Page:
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Wildcat Cave. (c) 2012 J,S.Reinitz

These days the trail to Eldora Cave is fading. Crumbing and overgrown, the remains of the path skirt the bluffs along the Iowa River. My 9-year-old son lost interest in the search for the cave early on. My daughter, age 5, was gungho, but she lacked the scrambling skills. So, after negotiating the first few washouts, the kids headed back to the nearby playground with mom. I slid and stumbled on down the trail slowly, constantly scanning the route for any sign of something cave-like.

This was our first visit to Eldora Cave. My introduction to it came by way of Iowa Underground, Greg Brick’s catalog of subterranean features. The book details the path, but time has passed and with it came erosion and rampant vegetation.

Trail aside, finding the cave itself wasn’t difficult. It wasn’t far from the trail and looked like a cave. An iron post and chainlink fence stood accordioned to the right, making it appear that the cave had been closed at some point in the past. There was the odor of animal urine or decomposition in the air. I couldn’t quite place it. Flies buzzed around the entrance.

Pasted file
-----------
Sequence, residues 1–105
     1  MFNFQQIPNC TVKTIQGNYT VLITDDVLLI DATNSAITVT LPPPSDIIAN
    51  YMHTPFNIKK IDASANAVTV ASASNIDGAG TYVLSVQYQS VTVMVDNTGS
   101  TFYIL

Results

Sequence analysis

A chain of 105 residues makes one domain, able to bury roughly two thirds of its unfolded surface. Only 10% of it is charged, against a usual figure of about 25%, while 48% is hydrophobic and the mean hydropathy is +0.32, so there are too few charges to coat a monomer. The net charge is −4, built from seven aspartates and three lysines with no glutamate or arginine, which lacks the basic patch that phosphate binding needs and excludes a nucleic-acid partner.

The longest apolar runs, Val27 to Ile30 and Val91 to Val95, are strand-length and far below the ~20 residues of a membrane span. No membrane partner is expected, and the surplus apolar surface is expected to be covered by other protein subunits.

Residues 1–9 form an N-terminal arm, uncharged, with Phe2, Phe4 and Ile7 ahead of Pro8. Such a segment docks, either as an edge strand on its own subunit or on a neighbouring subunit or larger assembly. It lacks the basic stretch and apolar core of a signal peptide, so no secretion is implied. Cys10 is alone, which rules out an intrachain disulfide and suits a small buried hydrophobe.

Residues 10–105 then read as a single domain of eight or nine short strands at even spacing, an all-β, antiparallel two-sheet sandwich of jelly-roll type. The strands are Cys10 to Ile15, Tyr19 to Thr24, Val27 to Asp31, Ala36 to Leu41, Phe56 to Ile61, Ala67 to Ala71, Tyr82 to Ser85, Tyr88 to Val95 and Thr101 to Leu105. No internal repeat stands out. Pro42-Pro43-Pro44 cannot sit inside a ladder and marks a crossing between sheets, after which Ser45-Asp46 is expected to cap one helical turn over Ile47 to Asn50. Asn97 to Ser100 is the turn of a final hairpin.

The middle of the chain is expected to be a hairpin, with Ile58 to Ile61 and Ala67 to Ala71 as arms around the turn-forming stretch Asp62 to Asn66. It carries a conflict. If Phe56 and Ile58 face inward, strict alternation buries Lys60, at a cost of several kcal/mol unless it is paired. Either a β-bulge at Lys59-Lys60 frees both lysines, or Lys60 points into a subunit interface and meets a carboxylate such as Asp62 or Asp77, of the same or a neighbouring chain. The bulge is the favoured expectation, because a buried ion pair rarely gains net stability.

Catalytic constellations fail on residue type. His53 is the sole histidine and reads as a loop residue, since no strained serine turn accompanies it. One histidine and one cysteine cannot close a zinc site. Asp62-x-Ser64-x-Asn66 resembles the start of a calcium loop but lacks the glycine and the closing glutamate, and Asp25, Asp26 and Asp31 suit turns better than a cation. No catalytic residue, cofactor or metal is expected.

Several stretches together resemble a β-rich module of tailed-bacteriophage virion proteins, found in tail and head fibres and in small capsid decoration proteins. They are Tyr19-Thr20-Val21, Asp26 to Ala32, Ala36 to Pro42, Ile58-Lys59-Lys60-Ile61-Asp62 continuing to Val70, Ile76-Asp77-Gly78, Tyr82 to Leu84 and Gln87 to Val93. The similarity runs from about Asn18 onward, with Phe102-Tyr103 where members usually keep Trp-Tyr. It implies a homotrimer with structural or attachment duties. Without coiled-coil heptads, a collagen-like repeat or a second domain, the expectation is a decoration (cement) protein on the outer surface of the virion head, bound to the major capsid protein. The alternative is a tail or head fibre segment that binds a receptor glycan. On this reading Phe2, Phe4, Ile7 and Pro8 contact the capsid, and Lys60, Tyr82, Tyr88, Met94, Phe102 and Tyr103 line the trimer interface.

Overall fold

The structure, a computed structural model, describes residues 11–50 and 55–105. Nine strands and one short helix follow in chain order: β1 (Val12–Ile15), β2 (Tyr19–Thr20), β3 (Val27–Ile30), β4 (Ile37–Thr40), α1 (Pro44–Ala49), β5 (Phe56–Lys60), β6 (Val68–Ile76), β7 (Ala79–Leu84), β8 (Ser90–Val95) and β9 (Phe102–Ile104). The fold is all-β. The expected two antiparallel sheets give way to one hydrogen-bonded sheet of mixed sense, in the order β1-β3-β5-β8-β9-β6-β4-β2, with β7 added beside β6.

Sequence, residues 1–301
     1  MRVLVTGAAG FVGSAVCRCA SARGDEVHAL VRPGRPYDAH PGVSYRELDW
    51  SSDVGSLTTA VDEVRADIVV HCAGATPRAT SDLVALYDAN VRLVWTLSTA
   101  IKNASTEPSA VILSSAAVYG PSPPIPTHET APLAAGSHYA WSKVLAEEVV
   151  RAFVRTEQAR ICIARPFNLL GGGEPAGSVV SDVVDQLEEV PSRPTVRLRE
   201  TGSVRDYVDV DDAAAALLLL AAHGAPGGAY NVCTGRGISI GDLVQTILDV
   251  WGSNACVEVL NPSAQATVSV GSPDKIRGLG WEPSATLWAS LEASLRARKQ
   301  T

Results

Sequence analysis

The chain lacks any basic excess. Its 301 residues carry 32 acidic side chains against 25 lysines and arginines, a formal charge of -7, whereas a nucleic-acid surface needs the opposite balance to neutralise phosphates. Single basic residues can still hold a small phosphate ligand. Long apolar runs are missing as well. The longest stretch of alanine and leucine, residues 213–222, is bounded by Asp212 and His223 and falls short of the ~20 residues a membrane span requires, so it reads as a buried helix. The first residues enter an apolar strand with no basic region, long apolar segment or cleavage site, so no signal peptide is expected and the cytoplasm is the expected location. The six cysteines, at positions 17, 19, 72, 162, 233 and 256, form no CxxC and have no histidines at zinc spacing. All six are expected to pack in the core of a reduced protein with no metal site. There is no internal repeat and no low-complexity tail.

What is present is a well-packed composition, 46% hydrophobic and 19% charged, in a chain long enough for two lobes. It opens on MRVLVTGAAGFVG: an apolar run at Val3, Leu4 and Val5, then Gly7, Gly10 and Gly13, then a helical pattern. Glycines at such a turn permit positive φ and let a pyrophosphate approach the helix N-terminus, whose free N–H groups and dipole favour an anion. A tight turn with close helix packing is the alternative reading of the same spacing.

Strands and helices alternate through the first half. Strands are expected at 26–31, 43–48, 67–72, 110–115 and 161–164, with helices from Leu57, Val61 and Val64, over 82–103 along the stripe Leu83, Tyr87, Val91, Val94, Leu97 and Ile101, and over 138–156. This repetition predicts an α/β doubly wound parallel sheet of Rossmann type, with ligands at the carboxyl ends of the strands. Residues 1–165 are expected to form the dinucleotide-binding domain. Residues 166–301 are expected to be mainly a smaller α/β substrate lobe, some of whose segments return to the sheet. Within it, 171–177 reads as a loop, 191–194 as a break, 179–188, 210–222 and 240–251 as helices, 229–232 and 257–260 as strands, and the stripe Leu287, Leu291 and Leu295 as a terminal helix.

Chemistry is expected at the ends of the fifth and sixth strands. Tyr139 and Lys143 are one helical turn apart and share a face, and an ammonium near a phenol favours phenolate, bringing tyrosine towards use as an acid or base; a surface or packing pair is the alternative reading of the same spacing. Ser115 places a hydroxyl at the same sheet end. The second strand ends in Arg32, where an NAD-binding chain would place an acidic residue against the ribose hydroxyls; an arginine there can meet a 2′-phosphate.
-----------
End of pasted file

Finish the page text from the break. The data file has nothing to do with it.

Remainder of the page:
The cave is little more than a small shelter. A few feet beyond the mouth is a heap of rocks that appear to be evidence of a cavein. Stand on top of the pile, and there is a 7 or 8-foot tall chimney. Not interested in crawling any deeper, I took a GPS reading and a few photos and worked my way back to the playground.

Not far from Eldora Cave is Wildcat Cave, located upstream in a deep ravine off the Iowa River. It, too, is a small cave, but there’s a little more to it. Wildcat is perched near the top of the rocky ravine wall, and most times there is an old tree trunk leaning up to the mouth to aid in the climb. The cave goes deeper, and the tunnel walls hold dozens of names and messages chiseled into the rock.

During this year’s trip (this was our second visit), we found rotting animal carcasses scattered about the valley floor. My first thought was a hunter had dumped them, but now I wonder if perhaps it was the remains of a wildcat’s feast.

Wildcat Cave has a designated parking lot with a moved path that takes explorers to the ravine’s start. Also, not far from the cave is a wrecked school bus nesting half way down the ravine wall.

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